By now it’s common knowledge that MPs voted in favour of the Marriage (Same Sex Couples) Bill in the House of Commons vote on 5th February, but what does this really mean for gay marriage?
If the bill becomes law, same sex couples (in England and Wales) will now be able to officially identify their relationship as a marriage, rather than a civil union. The bill states that same sex marriages can be officiated in religious ceremonies, but only with the consent of the religious party involved.
The vote was won with a clear majority of 400 to 175. Though it was predicted that the vote would divide opinion, the Conservatives have caused much discussion about how equally their votes were split, and what that means for the party.
All three party leaders, David Cameron, Nick Clegg and Ed Miliband openly supported the bill. Clegg said that “marriage is about love and commitment, and it should no longer be denied to people just because they are gay,” while Miliband spoke for his party, saying “the overwhelming majority of Labour MPs supported this change to make sure marriage reflects the value we place on long-term, loving relationships whoever you love”.
Cameron publicly backed the bill, but the votes show a party divided: 127 votes in favour, 136 votes against, while 35 did not vote and five voted both ways thereby registering for abstention. The Prime Minister said: “I’m proud it is this government that has brought it forward.” However, there is a large number of his Conservative MPs who have openly spoken out about their differing views.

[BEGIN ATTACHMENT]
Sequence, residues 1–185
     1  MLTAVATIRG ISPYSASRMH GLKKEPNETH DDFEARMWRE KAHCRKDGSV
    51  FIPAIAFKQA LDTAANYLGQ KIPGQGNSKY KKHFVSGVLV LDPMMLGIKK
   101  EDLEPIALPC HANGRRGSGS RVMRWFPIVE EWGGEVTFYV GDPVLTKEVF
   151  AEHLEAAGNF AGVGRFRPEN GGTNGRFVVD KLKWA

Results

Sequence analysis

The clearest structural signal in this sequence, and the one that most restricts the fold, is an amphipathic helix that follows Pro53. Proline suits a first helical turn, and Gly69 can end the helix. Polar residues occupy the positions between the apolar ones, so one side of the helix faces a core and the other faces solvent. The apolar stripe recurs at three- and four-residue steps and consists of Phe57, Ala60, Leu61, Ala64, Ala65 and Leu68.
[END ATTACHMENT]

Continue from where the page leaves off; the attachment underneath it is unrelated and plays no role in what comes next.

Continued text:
Questions have arisen about the strength of a party so divided in opinion, but Helen Grant, junior justice minister, defended the split: “As Tories we do differ at times. We have squabbles – we’re like any other family.”
Conservative MP David Burrowes claimed that as a divided party, the Conservatives were in touch with a nation he considers to be divided. He added: “We shouldn’t hide behind the fact that we’re going to be divided on this issue.”
The split in Conservative votes on the bill will no doubt put the party under further scrutiny in the coming weeks and months, particularly so when taking into account Michael Gove’s recent announcement of the government’s U-turn on scrapping GCSE’s in key subject areas in favour for the English Baccalaureate Certificates.
Many of those opposed to the passing of the ‘gay marriage bill’, such as Conservative MP Sir Roger Gale, suggest that Cameron must make amendments to the bill for it to progress through Parliament.
The bill is expected to receive heavy opposition in the House of Lords.